The U.S.-German rapport: The transatlantic X-factor

As seen from the U.S., Germany is consumed by internal political strife and incapable of creating valuable relations. So, for the next few years, Washington intends to manage bilateral relations on a transactional basis. At the same time, President Trump has reemphasized the U.S.-UK partnership and put more stock on ties with Central Europe.

Picture of Donald Trump and Angela Merkel
June 5, 2019: German Chancellor Angela Merkel and U.S. President Donald Trump meet for a D-Day commemoration in Portsmouth, England, but the encounter was little more than a photo opportunity. © dpa

In a nutshell

  • The U.S. no longer looks at Germany as its primary political partner in Europe and NATO
  • Washington’s strategy is not centered on the European Union, where Germany is the leading player, but on bilateral ties in Europe
  • Although the two countries will still cooperate closely in some areas, their policies will diverge in many others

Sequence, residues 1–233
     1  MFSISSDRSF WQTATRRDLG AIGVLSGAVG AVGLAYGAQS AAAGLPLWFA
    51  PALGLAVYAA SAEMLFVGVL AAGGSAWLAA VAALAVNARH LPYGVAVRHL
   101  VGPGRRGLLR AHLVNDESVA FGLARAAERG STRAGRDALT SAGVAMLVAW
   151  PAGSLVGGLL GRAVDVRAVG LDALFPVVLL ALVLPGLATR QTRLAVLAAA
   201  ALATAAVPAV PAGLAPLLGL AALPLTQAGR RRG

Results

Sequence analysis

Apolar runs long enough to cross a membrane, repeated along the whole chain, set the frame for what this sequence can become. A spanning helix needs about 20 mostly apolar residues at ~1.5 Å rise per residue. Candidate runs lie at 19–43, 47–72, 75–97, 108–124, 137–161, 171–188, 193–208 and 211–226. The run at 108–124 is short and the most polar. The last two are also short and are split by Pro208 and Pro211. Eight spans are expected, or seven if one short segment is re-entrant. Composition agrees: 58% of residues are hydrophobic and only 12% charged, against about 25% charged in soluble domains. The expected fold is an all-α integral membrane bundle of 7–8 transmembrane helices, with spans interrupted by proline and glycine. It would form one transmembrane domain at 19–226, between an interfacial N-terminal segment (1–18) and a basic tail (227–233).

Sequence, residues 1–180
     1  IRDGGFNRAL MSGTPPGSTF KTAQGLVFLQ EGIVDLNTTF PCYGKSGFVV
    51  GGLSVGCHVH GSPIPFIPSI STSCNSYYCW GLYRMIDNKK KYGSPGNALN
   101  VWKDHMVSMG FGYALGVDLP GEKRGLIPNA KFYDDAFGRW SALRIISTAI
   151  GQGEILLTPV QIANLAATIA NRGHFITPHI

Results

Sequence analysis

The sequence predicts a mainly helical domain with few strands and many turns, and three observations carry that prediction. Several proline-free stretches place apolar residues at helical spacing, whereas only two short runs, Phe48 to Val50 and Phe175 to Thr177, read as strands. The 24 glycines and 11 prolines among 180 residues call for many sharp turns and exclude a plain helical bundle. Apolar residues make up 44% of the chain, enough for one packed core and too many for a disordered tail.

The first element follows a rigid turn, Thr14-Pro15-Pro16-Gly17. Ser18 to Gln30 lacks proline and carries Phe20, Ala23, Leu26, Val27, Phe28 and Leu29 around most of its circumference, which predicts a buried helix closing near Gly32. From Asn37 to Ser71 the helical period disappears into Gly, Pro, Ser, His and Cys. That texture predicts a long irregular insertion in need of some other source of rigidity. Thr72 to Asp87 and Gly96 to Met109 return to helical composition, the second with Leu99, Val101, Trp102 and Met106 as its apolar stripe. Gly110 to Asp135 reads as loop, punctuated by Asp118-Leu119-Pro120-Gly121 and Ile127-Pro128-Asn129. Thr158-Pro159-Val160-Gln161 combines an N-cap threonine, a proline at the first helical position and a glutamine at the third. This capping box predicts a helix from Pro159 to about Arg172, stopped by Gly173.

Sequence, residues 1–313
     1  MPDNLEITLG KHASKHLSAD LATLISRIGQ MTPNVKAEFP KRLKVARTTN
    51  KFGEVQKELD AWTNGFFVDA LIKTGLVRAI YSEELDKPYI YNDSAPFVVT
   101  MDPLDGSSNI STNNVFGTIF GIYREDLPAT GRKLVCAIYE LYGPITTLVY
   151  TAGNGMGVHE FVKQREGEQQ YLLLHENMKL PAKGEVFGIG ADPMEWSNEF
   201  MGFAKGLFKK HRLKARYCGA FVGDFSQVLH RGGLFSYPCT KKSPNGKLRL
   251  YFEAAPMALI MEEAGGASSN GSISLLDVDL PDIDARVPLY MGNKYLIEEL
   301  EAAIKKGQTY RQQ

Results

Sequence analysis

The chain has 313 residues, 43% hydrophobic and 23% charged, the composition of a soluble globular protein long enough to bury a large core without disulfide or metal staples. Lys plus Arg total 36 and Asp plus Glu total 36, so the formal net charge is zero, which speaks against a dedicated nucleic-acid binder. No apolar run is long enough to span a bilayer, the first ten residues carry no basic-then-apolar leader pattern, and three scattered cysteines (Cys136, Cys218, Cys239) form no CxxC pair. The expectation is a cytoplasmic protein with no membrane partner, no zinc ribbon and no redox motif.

Few questions are more pressing in transatlantic affairs than the future of the German-American relationship.

These days, the United States no longer presumes that Germany will be its leading partner in the transatlantic system. Instead, Washington’s assessment is that internal political struggles will distract and confound German efforts to exercise decisive leadership. Rather than sharing vision and direction, the two countries are more likely to manage their relations over the next few years on a more transactional basis. That said, there are few signs of fissures and gaps that could eventually create unbridgeable rifts in the transatlantic alliance.

Changed focus